Or "How come I don't like Arcade Fire (after Funeral)?" A navel-gazing investigation
The mid naughties: when I went to uni, posed around like an indie snob pretending to like Lars Von Trier, and developed an insatiable appetite for pirating music.
Like a starving person crawling from the desert into an all-you-can-eat buffet, I was Kazaa-ing a near-indigestible cocktail of Radiohead Liars Mogwai The Cooper Temple Clause Sigur Ros LCD Soundsystem My Morning Jacket The Faint Bright Eyes Tori Amos Nine Inch Nails Bjork Milk Hotel Elliott Smith The Dandy Warhols Interpol Bloc Party The Secret Machines Aereogramme ...And You Will Know Us By The Trail Of Dead Mclusky Oceansize Death From Above 1979 The Strokes plus trendily-revived artists like Joy Division, the Pixies...
It was so difficult to keep up, even I didn't know what music I liked. But I knew I loved Arcade Fire's Funeral. Its weirdly antique artwork, unfurnished room reverb, and perpetually anguished vocals conjured this strange and refreshing un-rock n roll-ness. Its total absorption in its own world were a bit like Neutral Milk Hotel's In the Aeroplane Over the Sea, which Funeral managed to hold a candle to, in that it was truly all killer, no filler.
Arcade Fire's next record, Neon Bible, was not great. Soaking in the post-punk revivalism of the era with synthesiser and dry, boxy drum sounds, its neon seemed colourless where Funeral had seemed gloriously sepia. Everyone else loved it. I didn’t get it. The next album, The Suburbs, seemed a partial return to form, but felt too hit and miss. Reflektor, the last album of theirs I've heard, landed in between the false promise of The Suburbs and the outright disappointment of Neon Bible. The critics raved (they seemed incapable of not raving), but to me, "Arcade Fire's new album" became a synonym for "Emperor's new clothes".
Was Funeral a fluke? Or did they start believing their own hype? I don't know, but it all seems like missteps ever since. How can artists so talented/smart/true to themselves make "nothing music"? This is the Arcade Fire Paradox, or my theory of Borinteresting. Help me coin it!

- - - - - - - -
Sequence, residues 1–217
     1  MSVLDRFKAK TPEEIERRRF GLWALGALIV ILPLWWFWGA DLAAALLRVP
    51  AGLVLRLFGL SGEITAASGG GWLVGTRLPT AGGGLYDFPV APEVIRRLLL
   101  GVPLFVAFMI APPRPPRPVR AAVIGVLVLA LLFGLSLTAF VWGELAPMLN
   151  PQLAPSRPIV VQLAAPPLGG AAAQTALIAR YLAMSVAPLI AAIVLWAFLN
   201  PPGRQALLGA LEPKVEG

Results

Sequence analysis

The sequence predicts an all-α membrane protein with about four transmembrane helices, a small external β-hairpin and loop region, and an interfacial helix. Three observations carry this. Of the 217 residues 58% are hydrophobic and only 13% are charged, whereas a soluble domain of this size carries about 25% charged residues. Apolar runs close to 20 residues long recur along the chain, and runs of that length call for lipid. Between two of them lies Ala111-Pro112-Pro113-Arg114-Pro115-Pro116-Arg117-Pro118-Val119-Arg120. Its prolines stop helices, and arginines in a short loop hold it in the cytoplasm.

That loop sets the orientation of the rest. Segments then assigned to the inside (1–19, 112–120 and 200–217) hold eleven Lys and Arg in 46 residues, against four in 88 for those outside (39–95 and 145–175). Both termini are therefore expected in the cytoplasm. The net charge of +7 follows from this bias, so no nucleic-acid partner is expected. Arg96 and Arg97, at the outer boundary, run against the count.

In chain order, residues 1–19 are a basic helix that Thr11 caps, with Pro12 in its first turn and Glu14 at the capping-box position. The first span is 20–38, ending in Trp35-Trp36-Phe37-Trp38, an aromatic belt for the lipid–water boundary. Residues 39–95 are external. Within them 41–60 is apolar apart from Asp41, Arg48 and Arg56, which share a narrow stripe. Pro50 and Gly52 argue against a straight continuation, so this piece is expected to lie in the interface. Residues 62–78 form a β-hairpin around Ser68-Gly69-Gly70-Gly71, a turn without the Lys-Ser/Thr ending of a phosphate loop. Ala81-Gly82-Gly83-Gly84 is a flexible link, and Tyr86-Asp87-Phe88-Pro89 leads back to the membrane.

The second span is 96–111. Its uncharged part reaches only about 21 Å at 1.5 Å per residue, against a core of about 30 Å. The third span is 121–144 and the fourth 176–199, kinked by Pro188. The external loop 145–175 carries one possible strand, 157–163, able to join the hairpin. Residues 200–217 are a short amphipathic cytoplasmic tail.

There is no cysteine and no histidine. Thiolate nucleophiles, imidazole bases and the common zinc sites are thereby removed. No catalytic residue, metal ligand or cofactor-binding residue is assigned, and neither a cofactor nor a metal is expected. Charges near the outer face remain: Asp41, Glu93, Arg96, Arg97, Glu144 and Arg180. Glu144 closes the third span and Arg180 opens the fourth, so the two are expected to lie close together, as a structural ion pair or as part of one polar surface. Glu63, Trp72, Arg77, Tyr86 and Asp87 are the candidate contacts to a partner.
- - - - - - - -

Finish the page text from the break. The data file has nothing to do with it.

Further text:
It’s not the voice. It's an unassailably classic indie male vocal with the faltering, fragile top end, and even in his most comfortable range he sounds moderately perturbed. And the band’s musicianship is excellent. From drummer to violinist, I can't fault a thing. The production flatters each sound and draws no attention to the production itself, which is ideal. The lyrics incisively observe modern life, insightfully and relatably, which is not easy to accomplish.
It all goes awry with the melodies, I reckon. On Funeral, the tunes glowed with that classic “Now that’s what I call a melody” magic. Even Burt Bacharach would have envied some of that record. Neon Bible? The Suburbs? Reflektor? Maybe sometimes, but overall, no.
This is the pattern in the post-Funeral albums - the melodies are inherently dull, and tucked into a well-arranged bed of interesting musical and rhythmic distractions. Collectively, these distractions can never add up to be an acceptable substitute for a strong melody. In vocal music - folk, hip hop, Gregorian chant - the vocal is king. Arcade Fire write melodies, but after Funeral their melodies consistently do the least lifting they can get away with.
It's not just Arcade Fire being borinteresting - it's a plague affecting a lot of 21st century indie music. The difference with Arcade Fire is they have shown they are capable of better. Modern indie melodies sometimes reach the heights of the 'classics' from that boomer generation, back when productions could only do so much for a song - Alvvays' "Archie, Marry Me" hits the melodic bullseye without leaning on gimmicks. But most often indie melodies are borinteresting: there, yet not there. They write music that wants a strong melody, but hasn't got one. (Aside: Maybe it's telling that Phil Spector, the 60s' biggest turd-polisher, is an inspiration to many modern indie artists. His records sound like he stuffed pot pourri up his arse and farted into an echo chamber, thus fooling millions into thinking his banal songs had depth.)